Stay Curious.
Dig Deeper.
Nurture What Matters.
Be BoldHeart.
Enjoy Your Life.

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The BoldHeartMama desires to enjoy living out the choices that she’s made for herself and for her family. She is a relentless learner: curious, inquisitive, and open to the possibilities of her life and of the human condition. She understands that there isn't one right way—she asks questions that dig deeper to make sense of it all and to find her own path.

She pays attention to and nurtures whatever it is she really cares about, letting go of the rest (for now) knowing she can't do and be everything all at once. She embraces her imperfections in favor of "good enough"—her imperfect self, her imperfect home, her imperfect mothering, her imperfect desires—and she never stops evolving as a woman and mother. She is a BoldHeart, authentic and true to herself.

The BoldHeartMama knows there is only this one life and she's all in. She is present and engaged and making things happen. Her intuition is her guide. She seeks to be inspired and relies on her creativity and her resourcefulness to solve the big and little challenges that she and her family face together as they navigate their relationships and their world.

The BoldHeartMama is willing to take calculated risks to make her biggest dreams come true. She is living out her BoldHeart in the moment, making small moves and taking little steps that add up, and she's cultivating a good life for herself and her family in the process. Read More!

Tuesday, January 27, 2015

Week 3 The Seasonal Kitchen: 12 weeks to seasonal living





Week 3 of the HomeSpun Seasonal Living Workbook is all about the magic we make in the kitchen, and raises awareness for incorporating seasonal ingredients into our meals each week.  

Seasonal foods are local foods harvested in season. There are different definitions used to define the term “local,” and even the “seasonality” of foods can vary depending on where you live and how far from your home you are willing to source your food. 

Within 100 miles? Within the State? Within the Region?

This week I revisited my own definition of locally sourced. I generally consider regional sourcing to be sufficient, where the bulk of our meat, vegetables, and fruit come from in and around the greater Richmond area, as well as anything else produced within the state, and sometimes including neighboring states like DC, MD, and North Carolina.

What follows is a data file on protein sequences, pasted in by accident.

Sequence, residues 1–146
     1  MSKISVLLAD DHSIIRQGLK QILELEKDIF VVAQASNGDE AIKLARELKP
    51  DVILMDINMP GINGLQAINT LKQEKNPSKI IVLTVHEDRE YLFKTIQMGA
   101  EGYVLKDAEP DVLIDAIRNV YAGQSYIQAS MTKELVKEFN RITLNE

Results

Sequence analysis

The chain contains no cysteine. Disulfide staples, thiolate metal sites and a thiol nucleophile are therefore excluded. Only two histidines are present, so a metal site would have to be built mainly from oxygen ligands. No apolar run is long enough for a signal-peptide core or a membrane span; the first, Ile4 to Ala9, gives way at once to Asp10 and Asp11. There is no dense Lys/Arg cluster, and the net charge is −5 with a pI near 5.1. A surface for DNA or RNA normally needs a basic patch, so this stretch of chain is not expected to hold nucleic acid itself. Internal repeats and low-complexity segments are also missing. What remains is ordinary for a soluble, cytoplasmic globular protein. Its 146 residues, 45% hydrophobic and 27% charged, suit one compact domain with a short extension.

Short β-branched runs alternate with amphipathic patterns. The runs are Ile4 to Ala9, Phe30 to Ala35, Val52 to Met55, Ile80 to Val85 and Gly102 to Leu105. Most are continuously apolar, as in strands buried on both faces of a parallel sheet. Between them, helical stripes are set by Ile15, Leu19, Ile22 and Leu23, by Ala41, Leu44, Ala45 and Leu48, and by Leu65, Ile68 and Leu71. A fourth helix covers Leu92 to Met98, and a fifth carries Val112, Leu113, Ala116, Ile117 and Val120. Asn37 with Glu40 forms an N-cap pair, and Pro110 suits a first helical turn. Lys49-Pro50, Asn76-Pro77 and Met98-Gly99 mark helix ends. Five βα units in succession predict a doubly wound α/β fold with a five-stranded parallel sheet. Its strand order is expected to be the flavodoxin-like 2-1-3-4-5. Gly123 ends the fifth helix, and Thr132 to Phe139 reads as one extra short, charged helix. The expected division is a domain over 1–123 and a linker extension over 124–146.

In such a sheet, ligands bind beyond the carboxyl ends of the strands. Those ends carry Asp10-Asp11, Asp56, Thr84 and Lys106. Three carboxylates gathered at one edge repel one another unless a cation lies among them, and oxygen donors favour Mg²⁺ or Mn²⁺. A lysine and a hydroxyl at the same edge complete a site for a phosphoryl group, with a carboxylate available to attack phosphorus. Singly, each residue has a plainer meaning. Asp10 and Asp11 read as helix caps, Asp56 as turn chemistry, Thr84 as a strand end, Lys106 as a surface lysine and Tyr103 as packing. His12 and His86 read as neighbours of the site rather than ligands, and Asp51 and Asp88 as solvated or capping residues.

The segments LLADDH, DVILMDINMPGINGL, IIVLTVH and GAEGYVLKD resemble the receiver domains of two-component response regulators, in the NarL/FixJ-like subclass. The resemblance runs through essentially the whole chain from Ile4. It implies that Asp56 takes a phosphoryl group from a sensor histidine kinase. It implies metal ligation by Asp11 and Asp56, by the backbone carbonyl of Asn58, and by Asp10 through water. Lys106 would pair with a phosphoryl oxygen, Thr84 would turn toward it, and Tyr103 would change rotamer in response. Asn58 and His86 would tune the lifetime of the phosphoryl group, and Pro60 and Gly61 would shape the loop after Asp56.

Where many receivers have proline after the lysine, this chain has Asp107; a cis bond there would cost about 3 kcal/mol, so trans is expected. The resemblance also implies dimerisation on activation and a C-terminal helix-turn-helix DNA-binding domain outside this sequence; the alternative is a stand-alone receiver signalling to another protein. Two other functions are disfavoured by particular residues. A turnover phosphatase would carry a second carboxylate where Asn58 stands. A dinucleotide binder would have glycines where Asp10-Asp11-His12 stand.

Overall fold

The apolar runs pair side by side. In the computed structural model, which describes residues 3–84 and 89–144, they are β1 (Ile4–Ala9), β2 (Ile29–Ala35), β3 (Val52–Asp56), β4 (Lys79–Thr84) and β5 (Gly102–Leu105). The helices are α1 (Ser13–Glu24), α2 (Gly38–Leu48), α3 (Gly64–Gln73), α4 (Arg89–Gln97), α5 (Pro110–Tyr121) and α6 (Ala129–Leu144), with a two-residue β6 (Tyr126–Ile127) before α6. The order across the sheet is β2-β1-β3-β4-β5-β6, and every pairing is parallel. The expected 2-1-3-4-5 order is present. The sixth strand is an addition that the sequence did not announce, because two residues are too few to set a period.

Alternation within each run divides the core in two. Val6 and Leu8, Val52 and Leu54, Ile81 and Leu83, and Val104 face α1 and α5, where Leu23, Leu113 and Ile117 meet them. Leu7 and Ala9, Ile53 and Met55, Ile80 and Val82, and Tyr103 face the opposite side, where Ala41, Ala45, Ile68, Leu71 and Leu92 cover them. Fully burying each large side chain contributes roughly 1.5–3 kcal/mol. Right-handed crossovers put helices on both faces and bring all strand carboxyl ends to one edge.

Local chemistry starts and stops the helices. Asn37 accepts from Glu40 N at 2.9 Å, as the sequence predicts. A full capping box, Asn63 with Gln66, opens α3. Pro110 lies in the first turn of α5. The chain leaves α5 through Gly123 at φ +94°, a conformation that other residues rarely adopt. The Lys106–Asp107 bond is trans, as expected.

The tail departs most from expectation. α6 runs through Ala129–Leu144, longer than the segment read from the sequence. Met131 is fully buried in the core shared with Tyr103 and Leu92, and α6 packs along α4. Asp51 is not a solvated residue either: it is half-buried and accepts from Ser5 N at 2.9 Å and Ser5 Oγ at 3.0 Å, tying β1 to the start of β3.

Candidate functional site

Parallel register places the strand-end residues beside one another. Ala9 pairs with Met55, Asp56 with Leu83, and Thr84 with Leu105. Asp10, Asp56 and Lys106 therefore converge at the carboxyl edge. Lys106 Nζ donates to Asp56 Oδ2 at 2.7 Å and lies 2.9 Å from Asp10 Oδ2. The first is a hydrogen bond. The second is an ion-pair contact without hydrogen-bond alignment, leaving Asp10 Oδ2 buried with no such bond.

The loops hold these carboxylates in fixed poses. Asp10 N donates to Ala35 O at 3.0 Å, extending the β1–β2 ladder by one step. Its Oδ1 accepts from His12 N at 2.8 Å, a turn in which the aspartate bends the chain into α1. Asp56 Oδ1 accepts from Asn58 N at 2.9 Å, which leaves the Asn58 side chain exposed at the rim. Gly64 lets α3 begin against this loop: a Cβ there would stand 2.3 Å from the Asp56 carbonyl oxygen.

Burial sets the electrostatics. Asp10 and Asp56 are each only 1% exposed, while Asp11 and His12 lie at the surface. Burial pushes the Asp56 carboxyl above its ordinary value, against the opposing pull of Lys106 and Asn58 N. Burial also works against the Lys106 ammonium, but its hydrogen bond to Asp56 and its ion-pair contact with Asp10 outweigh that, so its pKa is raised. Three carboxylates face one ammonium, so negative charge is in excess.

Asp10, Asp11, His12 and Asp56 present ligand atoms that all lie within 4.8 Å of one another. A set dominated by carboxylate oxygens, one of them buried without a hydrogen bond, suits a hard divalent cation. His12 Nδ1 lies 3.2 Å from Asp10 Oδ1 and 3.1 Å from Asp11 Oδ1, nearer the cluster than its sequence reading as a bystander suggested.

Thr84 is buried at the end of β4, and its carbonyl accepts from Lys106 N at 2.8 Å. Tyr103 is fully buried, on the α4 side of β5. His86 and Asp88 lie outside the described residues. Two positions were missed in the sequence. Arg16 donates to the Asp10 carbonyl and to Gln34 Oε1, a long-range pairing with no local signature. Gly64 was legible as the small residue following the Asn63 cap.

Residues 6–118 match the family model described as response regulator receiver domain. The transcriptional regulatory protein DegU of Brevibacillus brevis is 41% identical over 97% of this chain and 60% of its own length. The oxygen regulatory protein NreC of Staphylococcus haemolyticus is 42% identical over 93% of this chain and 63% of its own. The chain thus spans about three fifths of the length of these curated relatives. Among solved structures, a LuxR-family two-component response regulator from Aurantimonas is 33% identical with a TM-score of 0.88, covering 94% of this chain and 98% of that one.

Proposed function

So what is in season in Virginia this time of year? After sifting through a range of different sources I found these state specific seasonal produce guides to be the most helpful. I was surprised by the variety considering Virginia has a pretty dormant Winter growing season. 

I reorganized the list by month so I could print out and easily reference what is in season when meal planning and shopping each week. 




Lately we've been shopping at Whole Foods, RelayFoods.com, and Elwood Thompson's, which specialize in doing the admittedly harder work of sourcing and labeling local seasonal foods for us. I based my shopping list last week off of the seasonal food list above, which simplified my options and streamlined my shopping experience.

I made a hearty vichyssoise soup of leeks, onions, and potatoes; roasted and caramelized sweet potatoes; spinach salad with boiled eggs, apples, and chicken; roasted butternut squash and mushrooms with pork tenderloin; another smokey potato soup with carrots and fennel; and roasted beets with olive oil and sea salt. Plus whole grains, pastured meats, pears, and lots of citrus—cara cara oranges, satsumas, grapefruit, meyer lemons and limes. 

(Oh wait, citrus isn't local to Virginia? I'll get back to that in a minute!)

Our food was simple, and delicious, and vegetable centric. It truly felt like Winter in my kitchen.

So what about citrus fruits that are technically at peak sweetness in Winter, and in season with the nation-wide harvest, but definitely not local to Virginia? I don't know. Right now we are devouring them. And what about eggs and chicken, and bacon? When we shopped at the Farmers Market almost exclusively we could not get eggs in the winter, or bacon whenever we wanted it, even chicken year round. There is a season for animals too and it has been largely lost or bypassed through technology and factory farming. These complicated issues make the challenges of eating seasonal fruits and vegetables seem easy in comparison.

A few good resources for sourcing and cooking seasonal foods:

At localharvest.org you can look up local CSA’s, farmer’s markets, and farms by zip code. 
Find local farms at PickYourOwn.org.

How did last week go, did journaling help connect you to the season? Share some of your captures of winter. I would love to go there with you.

2 comments :

  1. Out of curiosity, I just followed your link to see what is currently in season in Massachusetts....cultivated mushrooms and a few storage root vegtables. Such a sad list! But your menu sounds like it was delicious this past week!

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    Replies
    1. Hi Nicole, ugh garlic, onions, and mushrooms? Disappointing!! Sometimes I forget that Virginia is unique for it's growing season and fertile soil. Imagine if we lived in California, that would make seasonal/local second nature. I think January and February are the sparsest months here in VA. It probably doesn't get much better for you before March either I bet. Maybe you could broaden a local definition in the coldest months. Massachusetts has a short growing growing season, and such harsh winters, but I bet the summertime is lush. How much snow did you guys get with this last storm?

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